High interest rates, no rewards and expensive fees? Time for a new credit card.
You're our first priority. Every time. We believe everyone should be able to make financial decisions with confidence. And while our site doesn’t feature every company or financial product available on the market, we’re proud that the guidance we offer, the information we provide and the tools we create are objective, independent, straightforward — and free.So how do we make money? Our partners compensate us. This may influence which products we review and write about (and where those products appear on the site), but it in no way affects our recommendations or advice, which are grounded in thousands of hours of research. Bottom line? We’re on your side, even if it means we don’t make a cent. Choosing the wrong credit card can cost you money. You might not read the fine print before you use it and get hit for unanticipated charges. You might not have appreciated how much your credit card APR matters as you watch your balance skyrocket. Even if you’re happy with your card’s customer service, there could be a card out there with a rewards or terms structure that better fits your financial lifestyle. No matter the reason, realizing you need a new credit card is the first step to actually getting one. Here are some commons signs it’s time for you to get a new credit card:
While there’s nothing wrong with a workhorse card from a bank you trust, regular credit card users should get some incentives. This is especially so for users who are frequent travelers and business owners who make sizeable credit card purchases frequently. Doing this without a rewards credit card is just a waste of money. Whether you’re spending on your business, travel or just day-to-day purchases, credit card rewards are a great addition to any credit card. Many rewards credit cards come with no annual fee as well, allowing you to earn hundreds back each year. Other types of rewards credit cards offer points or cash back for purchases in rotating categories, like gas or dining, at a higher rate.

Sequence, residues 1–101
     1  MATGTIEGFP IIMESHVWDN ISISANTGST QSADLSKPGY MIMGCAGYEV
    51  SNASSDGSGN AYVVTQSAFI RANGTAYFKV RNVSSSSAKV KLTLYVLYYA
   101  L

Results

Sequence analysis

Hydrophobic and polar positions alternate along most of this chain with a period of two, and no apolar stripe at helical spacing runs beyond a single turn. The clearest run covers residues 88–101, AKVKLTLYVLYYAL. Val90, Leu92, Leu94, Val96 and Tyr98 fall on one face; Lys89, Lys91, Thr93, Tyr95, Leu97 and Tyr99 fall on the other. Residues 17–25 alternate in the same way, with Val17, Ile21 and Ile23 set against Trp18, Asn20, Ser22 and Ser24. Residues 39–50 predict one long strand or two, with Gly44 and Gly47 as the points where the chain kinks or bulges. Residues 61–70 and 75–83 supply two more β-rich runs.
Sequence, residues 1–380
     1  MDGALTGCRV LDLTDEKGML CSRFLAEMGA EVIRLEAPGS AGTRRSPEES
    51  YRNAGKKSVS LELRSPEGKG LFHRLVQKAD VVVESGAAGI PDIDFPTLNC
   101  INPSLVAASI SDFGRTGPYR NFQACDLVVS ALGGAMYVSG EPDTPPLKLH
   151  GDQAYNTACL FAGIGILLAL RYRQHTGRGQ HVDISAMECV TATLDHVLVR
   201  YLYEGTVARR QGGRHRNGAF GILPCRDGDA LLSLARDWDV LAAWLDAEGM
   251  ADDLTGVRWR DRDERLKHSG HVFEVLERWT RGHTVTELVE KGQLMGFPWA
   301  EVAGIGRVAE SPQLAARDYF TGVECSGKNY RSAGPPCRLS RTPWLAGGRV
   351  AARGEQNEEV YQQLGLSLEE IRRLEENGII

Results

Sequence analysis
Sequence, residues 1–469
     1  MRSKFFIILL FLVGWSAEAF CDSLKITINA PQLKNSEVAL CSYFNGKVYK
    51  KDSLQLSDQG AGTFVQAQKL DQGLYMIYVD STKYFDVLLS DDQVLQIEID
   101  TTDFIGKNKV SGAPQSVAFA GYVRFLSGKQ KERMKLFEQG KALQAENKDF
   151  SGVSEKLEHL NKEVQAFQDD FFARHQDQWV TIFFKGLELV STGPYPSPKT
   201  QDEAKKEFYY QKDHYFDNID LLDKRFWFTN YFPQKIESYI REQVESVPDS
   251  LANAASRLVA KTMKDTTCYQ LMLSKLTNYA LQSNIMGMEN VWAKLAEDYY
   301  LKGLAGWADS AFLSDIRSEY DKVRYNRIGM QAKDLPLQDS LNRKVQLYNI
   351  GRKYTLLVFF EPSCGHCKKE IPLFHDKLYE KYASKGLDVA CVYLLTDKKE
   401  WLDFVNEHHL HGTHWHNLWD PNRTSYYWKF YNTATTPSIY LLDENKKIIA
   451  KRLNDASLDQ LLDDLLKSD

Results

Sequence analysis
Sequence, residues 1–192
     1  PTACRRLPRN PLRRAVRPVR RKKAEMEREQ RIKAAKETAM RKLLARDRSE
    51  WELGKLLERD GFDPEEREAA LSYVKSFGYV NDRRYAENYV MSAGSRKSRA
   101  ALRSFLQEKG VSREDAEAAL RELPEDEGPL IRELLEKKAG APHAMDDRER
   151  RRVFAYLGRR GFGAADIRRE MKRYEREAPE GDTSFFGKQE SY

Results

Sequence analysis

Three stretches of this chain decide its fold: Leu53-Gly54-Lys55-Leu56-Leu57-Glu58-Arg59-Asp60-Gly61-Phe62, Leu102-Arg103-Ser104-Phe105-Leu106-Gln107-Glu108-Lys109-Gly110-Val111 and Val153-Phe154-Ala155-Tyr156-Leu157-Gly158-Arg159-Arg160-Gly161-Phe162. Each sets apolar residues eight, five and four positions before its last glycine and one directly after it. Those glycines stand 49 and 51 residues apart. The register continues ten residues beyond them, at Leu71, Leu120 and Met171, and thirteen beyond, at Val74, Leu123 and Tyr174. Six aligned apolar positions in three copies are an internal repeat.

A high-interest credit card can make what seems like a handful of purchases balloon into a large balance in little time. Sometimes a high-interest rate can’t be helped, such as if you have bad credit. But much of the time, high credit card APRs can be avoided. If you’re carrying a large balance and need some more time to pay it down, you might not have to pay all that extra interest expense. With a decent credit score, you can get a balance transfer card with a 0% APR introductory offer on transfers. This enables you pay down the balance over time — typically 12 to 18 months — depending on the new card terms, without paying any interest. Though you will be charged a balance transfer fee, which could be worth it if the fee amounts to less than the interest you’d pay. There are tons of great low-interest credit cards, plus ones with 0% APR introductory in addition to a low rate overall.
Some banks charge 3 to 5 percent in foreign transaction fees for using your credit card abroad. That means a $100 charge really costs you $103 or $105 depending on the rate. If you get a hotel room, for example, in Cancun and it cost $2,000 for the week, you will pay up to $100 in foreign transaction fees. It might seem small, but if you travel a lot, it can add up. When you apply for a credit card, look for one with no foreign transaction fees. Fortunately, there are several of these types of credit cards available from all the major credit card providers. Many of these credit cards are catered to people like travelers, students and businesses who have purchases to make in another country. These can often come with travel rewards and rewards points as well.